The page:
Google Analytics 4: What Contractors Need to Know and How to Prepare

Dave Wieser

Principal – DW Creative Marketing

Dave Wieser is Principal of DW Creative Marketing, whose mission is to “Help the Doers create their legacy.” His career of 20+ years in the advertising and marketing industry has led to a wide range of experiential roles, including media selling, media buying/planning, marketing strategy, research, business intelligence and data analytics…

Dave Wieser

Dave Wieser

Principal - DW Creative Marketing

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Contractors rely on leads for new business and Google Analytics is typically home base for website conversion tracking analytics, performance measurement and informing strategic user experience improvements.  But did you know that Google Analytics, as the platform exists today, will be rendered irrelevant over in the next 1-2 years?

Google announced they are phasing out third party cookies in Google Chrome over a 3-month period starting in June of 2023.  Since Chrome is the most used browser, that means Google Analytics (GA3) will be missing and unable to report on a large amount of data, which relies on user cookies.  This shift into a “cookie-less” world is why contractors need to be proactive and setup GA4 now, so they can have historical data as the current GA4 become defunct.

We wanted to ask our expert partners at Jubilant Digital about the basics of GA4 and what contractors need to be doing to prepare for the change in analytics reporting.

What is GA4?

Josh Eliseuson/Jubilant Digital: 

GA4 is the new version of Google Analytics that allows for people to keep tracking their website activities, post cookie.  Google announced that cookies are going away on Chrome in June 2023 and since Chrome is the biggest browser, they’re basically effectively going away in all the internet.  Safari/Apple blocks them already, so the current GA is not entirely accurate.

Morgan Nielsen/Jubilant Digital:

GA4 is more privacy focused on the user to remain anonymous, where they will be able to navigate the web and not have everything known about them.  But that is going to change the way we report metrics.  I think Google is nudging brands to focus on quality and making sure that people are taking action while on the website.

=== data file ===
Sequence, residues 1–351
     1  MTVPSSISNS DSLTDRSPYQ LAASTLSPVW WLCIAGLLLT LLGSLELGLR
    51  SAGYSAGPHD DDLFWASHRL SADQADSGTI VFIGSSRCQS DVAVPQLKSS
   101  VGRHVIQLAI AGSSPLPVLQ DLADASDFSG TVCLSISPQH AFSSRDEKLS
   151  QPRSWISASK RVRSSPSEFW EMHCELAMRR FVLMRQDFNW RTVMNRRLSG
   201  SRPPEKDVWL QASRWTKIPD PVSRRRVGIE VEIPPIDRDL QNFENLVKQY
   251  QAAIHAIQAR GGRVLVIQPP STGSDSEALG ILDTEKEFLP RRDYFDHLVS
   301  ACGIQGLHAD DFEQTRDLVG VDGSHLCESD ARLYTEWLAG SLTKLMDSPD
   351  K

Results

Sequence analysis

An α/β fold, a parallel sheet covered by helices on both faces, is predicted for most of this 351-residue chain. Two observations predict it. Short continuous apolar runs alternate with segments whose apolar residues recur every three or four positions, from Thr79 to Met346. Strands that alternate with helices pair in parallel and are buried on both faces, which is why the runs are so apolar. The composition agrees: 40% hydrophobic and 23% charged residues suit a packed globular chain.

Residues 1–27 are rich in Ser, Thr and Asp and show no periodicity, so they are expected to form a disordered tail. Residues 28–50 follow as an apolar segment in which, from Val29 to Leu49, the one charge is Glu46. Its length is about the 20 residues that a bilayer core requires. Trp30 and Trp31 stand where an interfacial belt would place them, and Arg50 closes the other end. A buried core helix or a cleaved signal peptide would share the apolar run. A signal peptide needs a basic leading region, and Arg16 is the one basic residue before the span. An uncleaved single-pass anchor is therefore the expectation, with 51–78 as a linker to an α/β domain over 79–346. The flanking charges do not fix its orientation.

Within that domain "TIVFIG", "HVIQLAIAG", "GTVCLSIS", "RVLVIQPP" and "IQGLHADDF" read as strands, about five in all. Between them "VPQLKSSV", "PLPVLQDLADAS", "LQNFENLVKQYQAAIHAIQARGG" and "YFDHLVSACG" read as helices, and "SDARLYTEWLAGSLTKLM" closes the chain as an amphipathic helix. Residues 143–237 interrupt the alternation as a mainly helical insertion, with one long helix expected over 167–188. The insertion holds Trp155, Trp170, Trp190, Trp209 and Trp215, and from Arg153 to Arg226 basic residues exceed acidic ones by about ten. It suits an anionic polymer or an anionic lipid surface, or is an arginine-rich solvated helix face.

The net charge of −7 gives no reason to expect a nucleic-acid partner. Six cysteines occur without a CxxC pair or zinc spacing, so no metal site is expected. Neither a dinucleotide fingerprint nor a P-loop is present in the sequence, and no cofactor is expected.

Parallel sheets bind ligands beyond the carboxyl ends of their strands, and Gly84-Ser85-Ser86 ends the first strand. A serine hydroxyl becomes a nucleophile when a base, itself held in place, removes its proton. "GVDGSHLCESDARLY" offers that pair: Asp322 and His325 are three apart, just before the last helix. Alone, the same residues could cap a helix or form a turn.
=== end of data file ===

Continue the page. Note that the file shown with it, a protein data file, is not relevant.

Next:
What are the benefits and differences of GA4?


Like Morgan said, the benefits are on the privacy side, but the jury is out as to whether it will improve marketing insights.  One can argue that it’s less data than the current GA, but at the end of the day, cookies are going away so we’re thankful to at least have it.  I think these limitations are going to force companies to rely on a suite of analytics products to get a 360 view of their data and performance to inform reliable strategies moving forward.


GA4 is all about event tracking and how the user engages with the website.  All your tracking is tied to events.  Reaching a thank you page is an event.  Scrolling, downloads, session starts, first time users are considered events and the reporting is centered around these events.


Another important difference how much harder it is to setup on the website than the current version.  Because GA4 is centered around events, it’s tied very closely with Google Tag Manager, so we are deploying it through Google Tag Manager, but that can be a bit of a learning curve for contractor that DIY’s their site’s web development or analytics tracking on the side.

GA4 is hard to deploy just on the website.  With the current version of Google Analytics, you can install it with a WordPress plugin, but there’s a lot more development required to install GA4 directly on the site.

What should contractors be doing now to prepare for GA4 and a Cookie-Less World?

If they want to continue to use Google Analytics as a tool for insights, they need to be setting it up now.  Ideally, to run in conjunction with the current GA.  That way, when cookies go away and GA3 (current) becomes almost useless, they have historical data in GA4 that can be used, rather than starting from scratch.  We are doing this for all our accounts, but as mentioned, this can be tricky for the DIY’er. 

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